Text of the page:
Chicago Tribune editor discusses evolution from crisis mode to innovation
In 2008, the Tribune Media Company, one of the largest media companies in the nation, filed for bankruptcy after owner Sam Zell piled on massive debts during one of the worst economic recessions the country had seen since the Great Depression.
This crisis was accompanied by big news events in the city and state. The Illinois governor was under federal investigation for attempting to extort money for his appointment to fill the senate seat vacancy left by President-elect Obama. Obama, the nation’s first African American president, was headed to the White House. And the current model of print journalism was crumbling.
To say that Gerould Kern, BA’71, had a tough road ahead of him when he was named Chicago Tribune senior vice president and editor in July 2008 would be an understatement.
Kern shared the steps the Tribune took to respond to its own challenges as well as challenges that face papers everywhere during his talk, “Does Mission Matter? Journalism on the Digital Frontline,” Wednesday in Ernie Pyle Hall. Kern was both a guest of the school’s Speaker Series and was the school’s Roy W. Howard Lecturer.
“We were good at showing up and doing our jobs, but couldn’t clearly articulate why we were doing what we were doing,” said Kern of the Tribune staff at this time.
To address this, Kern led the Tribune in creating a six-part mission statement to guide its reporting. Kern said mission keeps in mind a quote from former subscriber President Abraham Lincoln that is inscribed on the walls of the newsroom: “Let the people know the facts, and the country will be safe.”
The objective to stand up for the community is especially important to a paper in a state where four of the last six governors are in prison, according to Kern. He said while typically skeptical reporters were quick to embrace the mission and embed it in the company’s culture, the paper was facing another problem not so simply solved.
Using graphs on a Powerpoint screen, Kern illustrated for the audience the large proportion of print subscribers who view Tribune content digitally and the much smaller percent of people who visit the online site and also subscribe to print. The paper had to evolve in order to keep up with this change in audience behavior, according to Kern.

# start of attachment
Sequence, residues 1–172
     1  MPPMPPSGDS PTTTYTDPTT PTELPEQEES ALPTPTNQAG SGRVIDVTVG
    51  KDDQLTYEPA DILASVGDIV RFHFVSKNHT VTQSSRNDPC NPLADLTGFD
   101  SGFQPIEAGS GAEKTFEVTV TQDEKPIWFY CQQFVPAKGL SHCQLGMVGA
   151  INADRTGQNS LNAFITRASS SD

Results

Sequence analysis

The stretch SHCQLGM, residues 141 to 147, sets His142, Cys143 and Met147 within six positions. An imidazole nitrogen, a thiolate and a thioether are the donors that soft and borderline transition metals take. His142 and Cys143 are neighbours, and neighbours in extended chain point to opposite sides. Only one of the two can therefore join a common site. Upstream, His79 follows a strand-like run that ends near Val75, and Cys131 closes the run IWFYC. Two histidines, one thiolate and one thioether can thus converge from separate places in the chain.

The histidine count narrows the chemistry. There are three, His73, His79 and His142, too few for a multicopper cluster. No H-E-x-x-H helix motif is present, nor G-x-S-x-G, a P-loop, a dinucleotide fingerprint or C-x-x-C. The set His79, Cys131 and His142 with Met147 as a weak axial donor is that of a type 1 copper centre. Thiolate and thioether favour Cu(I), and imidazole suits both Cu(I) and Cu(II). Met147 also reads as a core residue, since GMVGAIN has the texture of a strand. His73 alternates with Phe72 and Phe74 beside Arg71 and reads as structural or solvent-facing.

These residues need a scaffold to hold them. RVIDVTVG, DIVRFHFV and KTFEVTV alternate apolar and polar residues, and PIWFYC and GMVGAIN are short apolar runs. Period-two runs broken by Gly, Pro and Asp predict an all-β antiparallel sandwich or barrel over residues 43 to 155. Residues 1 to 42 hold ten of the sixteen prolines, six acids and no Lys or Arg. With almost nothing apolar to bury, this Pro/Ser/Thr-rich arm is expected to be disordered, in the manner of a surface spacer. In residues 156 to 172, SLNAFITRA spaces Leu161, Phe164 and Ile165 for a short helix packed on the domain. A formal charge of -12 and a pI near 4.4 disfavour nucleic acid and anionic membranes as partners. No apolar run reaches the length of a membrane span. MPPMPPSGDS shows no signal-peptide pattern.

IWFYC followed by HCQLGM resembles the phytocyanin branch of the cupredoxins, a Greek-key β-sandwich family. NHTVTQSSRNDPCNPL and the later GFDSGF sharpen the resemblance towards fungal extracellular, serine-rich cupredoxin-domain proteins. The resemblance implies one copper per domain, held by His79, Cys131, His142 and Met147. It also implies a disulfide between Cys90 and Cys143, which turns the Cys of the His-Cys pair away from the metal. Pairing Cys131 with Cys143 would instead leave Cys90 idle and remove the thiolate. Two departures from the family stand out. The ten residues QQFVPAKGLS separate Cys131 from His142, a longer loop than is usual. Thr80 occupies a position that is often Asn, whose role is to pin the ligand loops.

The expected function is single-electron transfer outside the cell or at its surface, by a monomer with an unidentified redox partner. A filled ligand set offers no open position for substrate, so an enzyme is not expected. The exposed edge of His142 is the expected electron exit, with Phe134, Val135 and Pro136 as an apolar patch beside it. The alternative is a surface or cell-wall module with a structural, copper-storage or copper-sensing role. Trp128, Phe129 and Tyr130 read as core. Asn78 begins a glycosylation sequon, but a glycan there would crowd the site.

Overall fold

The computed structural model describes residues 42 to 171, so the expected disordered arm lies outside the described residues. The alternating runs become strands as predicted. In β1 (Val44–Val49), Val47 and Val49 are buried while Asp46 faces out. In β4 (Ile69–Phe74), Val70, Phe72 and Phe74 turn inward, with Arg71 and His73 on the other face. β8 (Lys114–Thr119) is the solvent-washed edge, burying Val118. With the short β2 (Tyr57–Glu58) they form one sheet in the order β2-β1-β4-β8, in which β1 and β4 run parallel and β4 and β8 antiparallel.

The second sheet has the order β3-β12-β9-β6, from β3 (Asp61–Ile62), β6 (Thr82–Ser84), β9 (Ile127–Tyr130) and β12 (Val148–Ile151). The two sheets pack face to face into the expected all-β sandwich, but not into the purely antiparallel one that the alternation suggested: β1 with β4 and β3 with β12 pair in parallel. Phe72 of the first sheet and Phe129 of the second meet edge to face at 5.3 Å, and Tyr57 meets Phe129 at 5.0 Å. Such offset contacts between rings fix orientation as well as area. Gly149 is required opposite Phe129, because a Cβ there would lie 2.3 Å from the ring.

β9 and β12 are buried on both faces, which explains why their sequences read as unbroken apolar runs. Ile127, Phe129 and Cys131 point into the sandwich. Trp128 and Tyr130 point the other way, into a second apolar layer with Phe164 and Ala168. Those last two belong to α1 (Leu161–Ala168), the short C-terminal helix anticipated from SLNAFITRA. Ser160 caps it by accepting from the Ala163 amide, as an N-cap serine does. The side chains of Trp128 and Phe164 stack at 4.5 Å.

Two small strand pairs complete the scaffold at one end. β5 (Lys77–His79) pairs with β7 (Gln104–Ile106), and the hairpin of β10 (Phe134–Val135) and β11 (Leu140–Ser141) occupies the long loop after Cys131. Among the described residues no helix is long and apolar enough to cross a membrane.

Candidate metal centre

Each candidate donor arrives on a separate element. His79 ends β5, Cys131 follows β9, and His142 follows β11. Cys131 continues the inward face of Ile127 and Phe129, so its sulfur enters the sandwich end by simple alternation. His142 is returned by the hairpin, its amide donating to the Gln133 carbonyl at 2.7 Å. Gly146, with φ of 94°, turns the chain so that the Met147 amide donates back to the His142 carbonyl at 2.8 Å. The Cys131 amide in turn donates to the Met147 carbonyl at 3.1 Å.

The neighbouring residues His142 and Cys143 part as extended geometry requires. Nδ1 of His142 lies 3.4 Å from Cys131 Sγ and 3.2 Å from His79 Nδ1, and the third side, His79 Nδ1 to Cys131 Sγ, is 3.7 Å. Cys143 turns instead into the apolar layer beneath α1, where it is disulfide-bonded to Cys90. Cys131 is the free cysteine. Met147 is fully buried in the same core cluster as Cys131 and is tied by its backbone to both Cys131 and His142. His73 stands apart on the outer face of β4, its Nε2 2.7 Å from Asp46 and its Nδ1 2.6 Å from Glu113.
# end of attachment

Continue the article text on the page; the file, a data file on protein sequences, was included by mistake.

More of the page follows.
“Over the past 15 years, we were producing websites as a byproduct of newspaper production,” he said. “We knew that this would not enable us to keep up with the pace of change, so we committed to reverse the process.”
Part of this process reversal was becoming fluent in digital audience metrics. While making sense of mass amounts of data is no easy task, Kern said journalists are the perfect group for the job.
“We put our reporters’ hats on, and we went to school on that data,” he said. “We are creating a companion discipline that can inform journalism itself.”
Kern also used charts to show which stories get the most traffic on the site and how the Tribune is using this information. For example, Kern said local and breaking news coverage are the most popular online stories, so they will soon be a part of the premium content that requires an online subscription.
The Tribune used the knowledge that national stories receive little traffic to establish the paper’s “Global City Project” initiative. This initiative challenges the paper to localize global and national issues by finding Chicago stories in far away places. For example, the paper wrote about Chicago architects who led the development of a new skyscraper in China.
Knowing what types of stories a digital audience is reading, however, is less important than knowing how this audience finds these stories, Kern said. Understanding the power of news sharing through social media and search engines is vital to understanding audiences.
“The audience has become the medium,” said Kern. “The newspaper or the website or the mobile app are not the medium at all. Our lifeblood is the relationship with the audience.”
While the dissemination of news through social sharing forces change upon the paper, Kern said behaviors of individual reporters must also change. He provided a list of tips for how an individual reporter can engage a digital audience. Tips included attracting a loyal crowd, building a personal brand and making sure content is always relevant.
During the Q&A session of the talk, audience members wanted to know if digital audiences’ intellect are declining and if attention spans are disappearing. Kern said analytics show that audiences will still read long-form journalism if the story is engaging enough. And, the ease with which newspapers can track which stories are ignored creates the illusion that a disengaged portion of the public is a new phenomena.
“I look at some of the data and I might say, ‘How do we know this hasn’t been the case all along with newspaper readers?’ My guess is that it has been,” said Kern. “We publish a lot of stories that people aren’t that interested in. We’ve just never had a way of seeing it before.”
In addition to his Wednesday evening talk, Kern spoke with students at the Indiana Daily Student and was interviewed on WFIU’s Profiles program while on campus. During his talk, he proudly displayed his first byline in the IDS and attributed his dedication to journalism to the lessons he learned as a student at IU.
“IU is the place where I took my first steps as a reporter,” he said. “This is the place where I learned about journalism’s mission of public service, transparency, accuracy, fairness and speaking truth to power.”